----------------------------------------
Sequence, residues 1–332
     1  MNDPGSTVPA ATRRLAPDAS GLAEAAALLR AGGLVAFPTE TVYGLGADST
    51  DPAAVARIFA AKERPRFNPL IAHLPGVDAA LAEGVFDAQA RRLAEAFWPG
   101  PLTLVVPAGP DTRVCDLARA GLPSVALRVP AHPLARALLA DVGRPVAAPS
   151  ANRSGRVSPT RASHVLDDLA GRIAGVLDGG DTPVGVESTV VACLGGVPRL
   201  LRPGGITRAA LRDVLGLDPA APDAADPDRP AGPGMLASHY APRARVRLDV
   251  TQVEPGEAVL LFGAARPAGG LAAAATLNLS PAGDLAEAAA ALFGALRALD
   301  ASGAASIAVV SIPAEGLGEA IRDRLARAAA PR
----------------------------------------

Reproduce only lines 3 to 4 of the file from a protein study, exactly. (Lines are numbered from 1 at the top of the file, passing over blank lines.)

    51  DPAAVARIFA AKERPRFNPL IAHLPGVDAA LAEGVFDAQA RRLAEAFWPG
   101  PLTLVVPAGP DTRVCDLARA GLPSVALRVP AHPLARALLA DVGRPVAAPS